Hepcidin excess induces the sequestration of iron and exacerbates tumor-associated anemia

Department of Medicine, David Geffen School of Medicine at the University of California, Los Angeles, CA 90095, USA.
Blood (Impact Factor: 10.45). 03/2005; 105(4):1797-802. DOI: 10.1182/blood-2004-08-3375
Source: PubMed


The iron-regulatory hormone hepcidin has been proposed as the mediator of anemia of inflammation (AI). We examined the acute and chronic effects of hepcidin in the mouse. Injections of human hepcidin (50 microg/mouse), but not of its diluent, induced hypoferremia within 4 hours. To examine the chronic effects of hepcidin, we implanted either tumor xenografts engineered to overexpress human hepcidin or control tumor xenografts into nonobese diabetic-severe combined immunodeficiency (NOD-SCID) mice. Despite abundant dietary iron, mice with hepcidin-producing tumors developed more severe anemia, lower serum iron, and increased hepatic iron compared with mice with control tumors. Hepcidin contributes to AI by shunting iron away from erythropoiesis and sequestering it in the liver, predominantly in hepatocytes.

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    • "Secreted hepcidin binds to the transmembrane iron transporter ferroportin in macrophages of the RES as well as in hepatocytes and enterocytes , down-regulating its expression by post-translational mechanisms [6]. In addition to decreased transport of iron from enterocytes to the circulation, the downregulated ferroportin reduces iron efflux from macrophages [7] [8], thus making less iron available for erythropoiesis , the ultimate consequence of which is IRE and anemia [9]. Most of our current knowledge of IRE and its treatment with iron supplementation stems from the nephrology setting [10]. "
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    • "Secreted hepcidin binds to the transmembrane iron-transporting protein ferroportin in macrophages of the reticuloendothelial system (RES) as well as in hepatocytes and in enterocytes and downregulates its expression by posttranslational mechanisms [15]. In addition to decreased transport of iron from enterocytes to the circulation, the downregulated ferroportin expression reduces iron efflux from macrophages [16] [17], thus making less iron available for erythropoiesis, the ultimate consequence of which is FID and anemia [18]. FID has also been observed in CKD patients treated with ESAs [19]. "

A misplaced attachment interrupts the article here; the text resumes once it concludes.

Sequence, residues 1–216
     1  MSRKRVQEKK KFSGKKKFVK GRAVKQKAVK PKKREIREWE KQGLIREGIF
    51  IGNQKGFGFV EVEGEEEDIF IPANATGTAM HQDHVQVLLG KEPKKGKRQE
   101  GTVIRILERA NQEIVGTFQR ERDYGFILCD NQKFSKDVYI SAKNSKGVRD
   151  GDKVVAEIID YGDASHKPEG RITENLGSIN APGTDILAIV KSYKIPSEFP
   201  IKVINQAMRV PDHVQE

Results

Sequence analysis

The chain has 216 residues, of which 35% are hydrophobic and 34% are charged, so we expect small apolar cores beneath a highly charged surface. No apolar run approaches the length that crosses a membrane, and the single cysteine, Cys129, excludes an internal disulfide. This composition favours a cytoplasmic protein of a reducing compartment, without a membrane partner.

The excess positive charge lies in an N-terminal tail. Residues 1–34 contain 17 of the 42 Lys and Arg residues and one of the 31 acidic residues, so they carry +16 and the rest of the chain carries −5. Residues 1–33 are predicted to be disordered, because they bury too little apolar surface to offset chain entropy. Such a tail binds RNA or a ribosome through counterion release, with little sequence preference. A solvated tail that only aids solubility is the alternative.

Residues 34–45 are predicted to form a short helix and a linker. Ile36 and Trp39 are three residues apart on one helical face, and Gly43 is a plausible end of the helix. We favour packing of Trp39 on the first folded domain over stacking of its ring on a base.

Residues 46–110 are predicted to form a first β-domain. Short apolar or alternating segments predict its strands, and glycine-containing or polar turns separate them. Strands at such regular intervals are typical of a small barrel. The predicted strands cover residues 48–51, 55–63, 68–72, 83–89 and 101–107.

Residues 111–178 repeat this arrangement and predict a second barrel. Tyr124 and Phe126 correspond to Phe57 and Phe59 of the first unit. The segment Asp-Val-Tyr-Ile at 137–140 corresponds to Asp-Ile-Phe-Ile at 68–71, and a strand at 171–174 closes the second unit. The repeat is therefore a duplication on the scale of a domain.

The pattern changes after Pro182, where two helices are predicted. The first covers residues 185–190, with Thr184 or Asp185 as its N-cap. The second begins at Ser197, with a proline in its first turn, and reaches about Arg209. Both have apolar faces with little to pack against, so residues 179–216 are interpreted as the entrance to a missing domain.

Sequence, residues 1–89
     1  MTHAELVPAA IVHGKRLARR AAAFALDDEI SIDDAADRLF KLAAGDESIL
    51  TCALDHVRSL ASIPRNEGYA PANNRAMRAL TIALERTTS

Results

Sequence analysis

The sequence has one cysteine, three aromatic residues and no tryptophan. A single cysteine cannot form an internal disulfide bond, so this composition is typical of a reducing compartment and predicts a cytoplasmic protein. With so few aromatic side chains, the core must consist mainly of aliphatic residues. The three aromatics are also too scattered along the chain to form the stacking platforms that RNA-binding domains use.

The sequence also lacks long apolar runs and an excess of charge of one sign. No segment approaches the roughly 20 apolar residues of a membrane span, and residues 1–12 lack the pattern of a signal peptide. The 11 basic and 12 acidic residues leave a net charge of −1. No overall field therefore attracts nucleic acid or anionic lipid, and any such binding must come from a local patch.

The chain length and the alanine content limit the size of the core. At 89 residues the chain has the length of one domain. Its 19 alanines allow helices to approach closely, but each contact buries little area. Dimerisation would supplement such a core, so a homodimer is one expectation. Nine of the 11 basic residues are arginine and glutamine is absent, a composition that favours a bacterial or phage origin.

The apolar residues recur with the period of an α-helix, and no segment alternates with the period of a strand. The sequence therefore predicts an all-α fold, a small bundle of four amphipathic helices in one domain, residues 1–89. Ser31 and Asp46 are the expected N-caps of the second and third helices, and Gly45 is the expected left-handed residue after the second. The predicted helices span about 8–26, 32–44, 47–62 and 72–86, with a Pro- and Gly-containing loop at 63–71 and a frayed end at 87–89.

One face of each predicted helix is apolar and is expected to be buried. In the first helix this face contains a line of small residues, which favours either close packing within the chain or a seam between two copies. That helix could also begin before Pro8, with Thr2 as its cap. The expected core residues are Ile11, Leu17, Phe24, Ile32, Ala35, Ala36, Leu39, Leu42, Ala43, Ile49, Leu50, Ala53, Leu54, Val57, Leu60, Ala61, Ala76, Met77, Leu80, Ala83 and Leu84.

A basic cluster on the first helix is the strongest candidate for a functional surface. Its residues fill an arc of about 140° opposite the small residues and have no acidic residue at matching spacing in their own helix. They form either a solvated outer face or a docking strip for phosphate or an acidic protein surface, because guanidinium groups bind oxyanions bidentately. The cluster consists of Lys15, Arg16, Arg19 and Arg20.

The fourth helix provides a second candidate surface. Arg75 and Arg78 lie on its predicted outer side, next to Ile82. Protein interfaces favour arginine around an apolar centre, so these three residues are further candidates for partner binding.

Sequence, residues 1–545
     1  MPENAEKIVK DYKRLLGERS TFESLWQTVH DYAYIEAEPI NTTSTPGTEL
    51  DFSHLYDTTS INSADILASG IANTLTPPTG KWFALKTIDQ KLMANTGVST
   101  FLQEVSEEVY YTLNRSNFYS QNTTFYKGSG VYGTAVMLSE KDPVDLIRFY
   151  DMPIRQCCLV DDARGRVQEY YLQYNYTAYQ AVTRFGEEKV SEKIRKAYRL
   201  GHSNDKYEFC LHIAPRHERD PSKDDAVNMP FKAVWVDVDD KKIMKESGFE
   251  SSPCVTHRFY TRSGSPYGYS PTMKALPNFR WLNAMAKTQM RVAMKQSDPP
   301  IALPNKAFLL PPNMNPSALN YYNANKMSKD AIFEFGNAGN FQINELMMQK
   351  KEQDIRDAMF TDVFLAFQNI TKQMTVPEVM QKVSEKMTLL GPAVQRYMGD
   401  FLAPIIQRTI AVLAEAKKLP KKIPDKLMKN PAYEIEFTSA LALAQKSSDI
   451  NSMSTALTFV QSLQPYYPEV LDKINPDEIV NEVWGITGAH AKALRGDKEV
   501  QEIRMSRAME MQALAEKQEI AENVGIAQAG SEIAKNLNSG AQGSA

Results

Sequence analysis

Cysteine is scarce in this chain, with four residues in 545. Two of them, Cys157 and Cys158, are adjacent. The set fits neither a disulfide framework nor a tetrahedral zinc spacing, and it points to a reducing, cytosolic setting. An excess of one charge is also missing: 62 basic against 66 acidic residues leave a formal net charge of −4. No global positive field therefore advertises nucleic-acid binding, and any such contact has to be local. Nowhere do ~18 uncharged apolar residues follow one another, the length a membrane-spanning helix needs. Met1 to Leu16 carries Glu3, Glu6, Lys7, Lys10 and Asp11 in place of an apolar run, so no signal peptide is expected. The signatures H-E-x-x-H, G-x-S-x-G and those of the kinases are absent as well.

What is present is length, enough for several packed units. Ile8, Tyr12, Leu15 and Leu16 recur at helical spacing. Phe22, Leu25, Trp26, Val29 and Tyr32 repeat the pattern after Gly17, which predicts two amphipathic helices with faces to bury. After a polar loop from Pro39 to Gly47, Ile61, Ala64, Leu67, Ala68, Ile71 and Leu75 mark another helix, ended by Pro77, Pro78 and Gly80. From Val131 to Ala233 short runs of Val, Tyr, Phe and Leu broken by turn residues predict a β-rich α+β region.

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    • "IRIDA and mouse models overexpressing hepcidin demonstrate that elevated hepcidin is sufficient to cause hypoferremia and anemia [4]. Moderate overproduction of hepcidin in transgenic mice or in mice bearing hepcidin-producing tumors caused an iron-restricted anemia [4, 53]. Transgenic mice also had blunted erythropoietic response to EPO, another characteristic of AI. "
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    ABSTRACT: The hepatic peptide hormone hepcidin regulates dietary iron absorption, plasma iron concentrations, and tissue iron distribution. Hepcidin acts by causing the degradation of its receptor, the cellular iron exporter ferroportin. The loss of ferroportin decreases iron flow into plasma from absorptive enterocytes, from macrophages that recycle the iron of senescent erythrocytes, and from hepatocytes that store iron, thereby lowering plasma iron concentrations. Malfunctions of the hepcidin-ferroportin axis contribute to the pathogenesis of different anemias. Deficient production of hepcidin causes systemic iron overload in iron-loading anemias such as beta-thalassemia; whereas hepcidin excess contributes to the development of anemia in inflammatory disorders and chronic kidney disease, and may cause erythropoietin resistance. The diagnosis of different forms of anemia will be facilitated by improved hepcidin assays, and the treatment will be enhanced by the development of hepcidin agonists and antagonists.
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